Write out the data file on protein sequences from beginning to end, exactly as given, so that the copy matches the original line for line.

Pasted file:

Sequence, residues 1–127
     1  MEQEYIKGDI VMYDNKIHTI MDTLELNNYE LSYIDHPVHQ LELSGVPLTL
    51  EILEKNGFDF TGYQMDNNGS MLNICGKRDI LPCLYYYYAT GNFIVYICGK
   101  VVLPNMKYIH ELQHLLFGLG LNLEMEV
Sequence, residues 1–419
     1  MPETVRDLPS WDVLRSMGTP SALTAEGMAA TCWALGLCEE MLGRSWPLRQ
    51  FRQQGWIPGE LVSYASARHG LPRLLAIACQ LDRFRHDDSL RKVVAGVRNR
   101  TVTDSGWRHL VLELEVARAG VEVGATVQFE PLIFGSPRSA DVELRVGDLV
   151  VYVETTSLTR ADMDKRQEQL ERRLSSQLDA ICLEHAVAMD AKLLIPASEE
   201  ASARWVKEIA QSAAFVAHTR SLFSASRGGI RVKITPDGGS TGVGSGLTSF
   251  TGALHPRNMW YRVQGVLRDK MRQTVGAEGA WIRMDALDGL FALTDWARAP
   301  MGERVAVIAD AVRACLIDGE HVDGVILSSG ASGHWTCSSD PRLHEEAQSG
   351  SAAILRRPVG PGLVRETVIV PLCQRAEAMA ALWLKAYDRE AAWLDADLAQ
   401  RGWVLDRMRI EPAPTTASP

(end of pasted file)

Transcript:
Sequence, residues 1–127
     1  MEQEYIKGDI VMYDNKIHTI MDTLELNNYE LSYIDHPVHQ LELSGVPLTL
    51  EILEKNGFDF TGYQMDNNGS MLNICGKRDI LPCLYYYYAT GNFIVYICGK
   101  VVLPNMKYIH ELQHLLFGLG LNLEMEV
Sequence, residues 1–419
     1  MPETVRDLPS WDVLRSMGTP SALTAEGMAA TCWALGLCEE MLGRSWPLRQ
    51  FRQQGWIPGE LVSYASARHG LPRLLAIACQ LDRFRHDDSL RKVVAGVRNR
   101  TVTDSGWRHL VLELEVARAG VEVGATVQFE PLIFGSPRSA DVELRVGDLV
   151  VYVETTSLTR ADMDKRQEQL ERRLSSQLDA ICLEHAVAMD AKLLIPASEE
   201  ASARWVKEIA QSAAFVAHTR SLFSASRGGI RVKITPDGGS TGVGSGLTSF
   251  TGALHPRNMW YRVQGVLRDK MRQTVGAEGA WIRMDALDGL FALTDWARAP
   301  MGERVAVIAD AVRACLIDGE HVDGVILSSG ASGHWTCSSD PRLHEEAQSG
   351  SAAILRRPVG PGLVRETVIV PLCQRAEAMA ALWLKAYDRE AAWLDADLAQ
   401  RGWVLDRMRI EPAPTTASP